Meet Pepe -- a North American skunk with a bold white stripe and friendly attitude.
But, keeping him as a pet is not the best idea, right? Keepers say we've got it all wrong.
"He's a lot easier than my dog. But, that's OK," said zoo keeper Nancy Leong while laughing.
Leong has been training Pepe since he was 10 weeks old. She says, at first, he was skittish, but now allows her to carry and harness him.
"For any person that works with animals to see how much he trusts you is truly an award itself," said Leong.
She says there are 11 different species of skunks, mostly found in North America. They are nocturnal eaters surviving on plants, insects and even small mammals.
If you take a look at Pepe's hands, his nails are extremely long. That's because they use them to dig up insects in the ground.
Keepers call it forging. They tend to dig about 3 inches into the ground. But, it's the way these guys fend off attackers that people are most curious about. Do they spray their offensive odor just for fun?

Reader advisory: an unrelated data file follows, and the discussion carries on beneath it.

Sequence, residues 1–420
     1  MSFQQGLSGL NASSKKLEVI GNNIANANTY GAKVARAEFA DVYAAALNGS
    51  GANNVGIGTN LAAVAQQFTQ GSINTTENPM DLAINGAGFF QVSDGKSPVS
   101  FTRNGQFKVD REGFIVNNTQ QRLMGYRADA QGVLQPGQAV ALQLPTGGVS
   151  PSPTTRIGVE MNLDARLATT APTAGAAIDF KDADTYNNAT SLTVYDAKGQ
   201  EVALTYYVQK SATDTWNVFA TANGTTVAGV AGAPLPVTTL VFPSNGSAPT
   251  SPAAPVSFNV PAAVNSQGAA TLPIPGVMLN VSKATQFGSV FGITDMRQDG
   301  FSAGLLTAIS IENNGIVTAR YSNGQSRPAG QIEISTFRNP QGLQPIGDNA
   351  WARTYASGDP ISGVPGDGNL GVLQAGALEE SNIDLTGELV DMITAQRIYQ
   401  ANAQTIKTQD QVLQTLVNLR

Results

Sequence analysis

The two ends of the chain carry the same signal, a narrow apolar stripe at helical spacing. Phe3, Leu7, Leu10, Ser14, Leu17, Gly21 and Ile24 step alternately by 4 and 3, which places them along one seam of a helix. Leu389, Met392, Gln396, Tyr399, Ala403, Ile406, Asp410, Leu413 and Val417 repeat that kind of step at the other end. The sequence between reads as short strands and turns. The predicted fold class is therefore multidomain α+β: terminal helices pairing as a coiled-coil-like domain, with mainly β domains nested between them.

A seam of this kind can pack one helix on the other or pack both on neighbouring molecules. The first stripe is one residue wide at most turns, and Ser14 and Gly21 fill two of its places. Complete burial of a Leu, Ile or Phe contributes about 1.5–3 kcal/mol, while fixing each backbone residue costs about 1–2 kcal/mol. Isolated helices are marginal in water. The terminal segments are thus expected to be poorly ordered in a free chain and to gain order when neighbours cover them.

"They are pretty much forced to spray, but that's with any animal," said Leong. "If you back them up into a corner, you will get sprayed."
The spray is a mix of strong liquid stored in two glands. If you get up close and personal with Pepe, keepers say there's no need to worry those glands have been removed.
Here in Hawaii, it is illegal to have a skunk as a pet. But, Honolulu Zoo keepers say Pepe is serving as an ambassador for his species giving island keiki an opportunity to learn more about the mainland animal.